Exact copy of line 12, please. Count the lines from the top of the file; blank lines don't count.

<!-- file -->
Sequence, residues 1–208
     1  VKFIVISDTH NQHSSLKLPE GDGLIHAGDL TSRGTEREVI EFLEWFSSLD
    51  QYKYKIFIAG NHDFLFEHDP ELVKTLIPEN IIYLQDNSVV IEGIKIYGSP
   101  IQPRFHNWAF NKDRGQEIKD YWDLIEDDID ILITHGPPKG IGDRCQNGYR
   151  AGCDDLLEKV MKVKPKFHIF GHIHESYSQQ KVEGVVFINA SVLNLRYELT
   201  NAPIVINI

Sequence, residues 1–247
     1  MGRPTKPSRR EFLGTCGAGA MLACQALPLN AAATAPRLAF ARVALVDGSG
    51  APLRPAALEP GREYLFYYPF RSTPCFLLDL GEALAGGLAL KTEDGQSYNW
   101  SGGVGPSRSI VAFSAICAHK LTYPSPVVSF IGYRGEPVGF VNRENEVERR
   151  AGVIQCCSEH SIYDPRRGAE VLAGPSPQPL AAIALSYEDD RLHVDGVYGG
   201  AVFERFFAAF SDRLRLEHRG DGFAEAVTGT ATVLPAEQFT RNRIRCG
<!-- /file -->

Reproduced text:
   201  AVFERFFAAF SDRLRLEHRG DGFAEAVTGT ATVLPAEQFT RNRIRCG